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Young people in care and care leavers often feel like they don’t have support or anyone to turn to. We, at In My Opinion (IMO) want you to feel like you do. 

So, in celebration of National Care Leavers Week have gathered some top tips that we think would be useful for young people in care and care leavers navigating life. 

  1. Look out for your mental health and wellbeing. Be physically active by taking up some form of exercise, have a routine, go on walks, and catch ups. Socialising can improve your mood. Take up a relaxation practise- yoga, mindfulness, meditation, and deep breathing can help reduce overall levels of stress. Engage in work and play that makes you feel useful. Invest in relationships and spend quality time with people who matter to you. There are many programs, charities, and resources available that can support you! 
  1. Ask for support if you need it. If you are struggling or feeling low, you are not alone. Try talking to someone you trust. Many of us have learned to bottle things up inside us and try to ignore painful feelings. It can take a lot of courage to tell someone else how we’re feeling or what we’re finding hard, especially if we don’t usually do that kind of thing. Just talking things through with a person we trust can help and feel like a relief. Use your own words. It’ll make you feel safer and less alone, and that will help protect your mental health and prevent problems. Talking may also change how you see and feel about the situation in ways you find helpful. Another possible benefit is that talking may strengthen your relationship with the person you speak with. This will benefit both of you and make it easier for them to turn to you when they need support themselves. 
  1. Get closer to nature. We all live with worries and fears, uncertainties, losses that leave us sad and pressures that make us feel stressed. Nature can have a really calming effect on us. 
  1. Learn to understand and manage your feelings. Feeling very upset can interfere with our lives, making it hard to think clearly or work, relax, study, sleep or deal with other people. Try writing your feelings in a diary. You could try repeating something positive about yourself a few times each day. (This is sometimes called a “mantra”. “I am on a journey, growing and developing”., for example) Research shows this reduces negative thoughts and feelings.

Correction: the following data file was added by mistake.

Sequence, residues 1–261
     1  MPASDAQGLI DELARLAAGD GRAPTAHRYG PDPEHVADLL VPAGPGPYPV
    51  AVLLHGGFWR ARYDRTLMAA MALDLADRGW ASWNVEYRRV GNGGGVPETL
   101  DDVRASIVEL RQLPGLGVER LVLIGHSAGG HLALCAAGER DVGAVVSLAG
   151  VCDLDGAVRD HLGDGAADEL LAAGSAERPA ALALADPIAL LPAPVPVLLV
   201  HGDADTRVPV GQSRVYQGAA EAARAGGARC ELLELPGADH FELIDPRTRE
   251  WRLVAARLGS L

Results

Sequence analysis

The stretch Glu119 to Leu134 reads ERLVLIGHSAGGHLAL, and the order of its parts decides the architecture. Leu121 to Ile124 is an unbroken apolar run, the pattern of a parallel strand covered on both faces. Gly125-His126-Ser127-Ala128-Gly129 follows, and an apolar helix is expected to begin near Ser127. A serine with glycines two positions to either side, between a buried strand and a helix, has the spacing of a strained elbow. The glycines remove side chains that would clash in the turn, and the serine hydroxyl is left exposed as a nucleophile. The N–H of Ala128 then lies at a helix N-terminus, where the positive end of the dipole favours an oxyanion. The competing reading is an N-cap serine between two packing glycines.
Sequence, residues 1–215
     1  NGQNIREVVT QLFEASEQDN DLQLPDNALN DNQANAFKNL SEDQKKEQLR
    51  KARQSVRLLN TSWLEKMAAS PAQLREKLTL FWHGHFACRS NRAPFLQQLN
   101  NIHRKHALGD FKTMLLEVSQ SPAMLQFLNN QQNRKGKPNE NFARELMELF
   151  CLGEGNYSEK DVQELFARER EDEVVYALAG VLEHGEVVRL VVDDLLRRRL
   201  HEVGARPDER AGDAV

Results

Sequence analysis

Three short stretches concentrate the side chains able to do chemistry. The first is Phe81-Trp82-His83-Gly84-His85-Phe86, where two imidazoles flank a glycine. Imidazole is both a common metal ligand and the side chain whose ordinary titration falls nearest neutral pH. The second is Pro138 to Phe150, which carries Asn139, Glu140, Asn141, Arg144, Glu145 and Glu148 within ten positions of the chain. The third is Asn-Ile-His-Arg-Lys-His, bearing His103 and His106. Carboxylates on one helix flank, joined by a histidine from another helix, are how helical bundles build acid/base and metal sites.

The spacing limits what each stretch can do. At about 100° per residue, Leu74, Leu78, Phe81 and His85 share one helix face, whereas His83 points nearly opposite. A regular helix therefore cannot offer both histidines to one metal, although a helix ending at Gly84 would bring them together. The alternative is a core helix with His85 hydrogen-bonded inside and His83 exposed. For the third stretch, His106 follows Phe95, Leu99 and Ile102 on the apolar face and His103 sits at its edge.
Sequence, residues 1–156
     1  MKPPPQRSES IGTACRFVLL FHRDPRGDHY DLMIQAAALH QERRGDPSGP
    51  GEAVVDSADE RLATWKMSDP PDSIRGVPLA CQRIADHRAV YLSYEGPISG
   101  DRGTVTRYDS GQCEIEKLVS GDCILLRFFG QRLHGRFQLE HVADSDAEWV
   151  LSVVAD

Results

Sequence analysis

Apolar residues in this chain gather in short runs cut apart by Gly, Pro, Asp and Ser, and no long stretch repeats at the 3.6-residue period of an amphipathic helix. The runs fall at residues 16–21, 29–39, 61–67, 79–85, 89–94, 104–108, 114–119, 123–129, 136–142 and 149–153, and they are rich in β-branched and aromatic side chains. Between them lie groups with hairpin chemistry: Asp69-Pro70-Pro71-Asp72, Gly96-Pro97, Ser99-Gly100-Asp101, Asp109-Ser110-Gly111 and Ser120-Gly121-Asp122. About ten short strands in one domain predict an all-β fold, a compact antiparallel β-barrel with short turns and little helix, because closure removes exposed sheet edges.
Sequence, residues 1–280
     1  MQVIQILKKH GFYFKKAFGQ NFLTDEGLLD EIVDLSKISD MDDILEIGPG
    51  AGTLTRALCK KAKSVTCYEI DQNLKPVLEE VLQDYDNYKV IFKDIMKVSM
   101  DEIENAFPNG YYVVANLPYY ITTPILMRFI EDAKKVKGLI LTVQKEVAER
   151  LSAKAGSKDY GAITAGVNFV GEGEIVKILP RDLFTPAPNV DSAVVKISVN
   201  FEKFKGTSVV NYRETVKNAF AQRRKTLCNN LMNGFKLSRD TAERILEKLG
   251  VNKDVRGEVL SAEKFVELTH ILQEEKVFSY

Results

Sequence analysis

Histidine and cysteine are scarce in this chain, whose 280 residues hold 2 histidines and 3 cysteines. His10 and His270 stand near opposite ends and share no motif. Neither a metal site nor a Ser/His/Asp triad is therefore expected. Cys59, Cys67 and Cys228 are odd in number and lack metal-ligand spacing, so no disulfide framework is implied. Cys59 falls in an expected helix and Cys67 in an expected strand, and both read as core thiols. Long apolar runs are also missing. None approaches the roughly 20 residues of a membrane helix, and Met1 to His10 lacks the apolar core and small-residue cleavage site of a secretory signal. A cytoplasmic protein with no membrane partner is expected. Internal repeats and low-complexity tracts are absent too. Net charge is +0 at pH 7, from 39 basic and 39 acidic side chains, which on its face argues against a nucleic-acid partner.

1. Contact charities-. Charities can provide help you with education, job related opportunities, mental health etc. Charities bring people together, whatever it is you care about, there will be a charity working on it. They help in lots of different ways, but the main ways are providing direct help, giving information, or raising awareness. See our support page for some charities which could help you.
  1. Make use of your local boroughs leaving care package– Find out your entitlements so that you can be aware of all your options. It’s so important to know the support that your borough provide so that if you choose to stay in education or go into work you are able to see the support available to you. 
  1. You are entitled to make a complaint– All local authorities have complaint procedures they must follow.  
  1. You have a right to an advocate- Who is there to ensure your views are being listened to and that helps you stand up for your rights. Find out more what an advocate is and how they can help you here: Coram-Voice-Advocacy-and-You.pdf My local advocacy service – Coram Voice 

We hope these tips can help you! 

Find more advice and resources around careers on IMO: 
If you need support or if you are looking for an advocate you can contact Help at Hand on 0800 528 0731, via email [email protected] or via the online contact form.  

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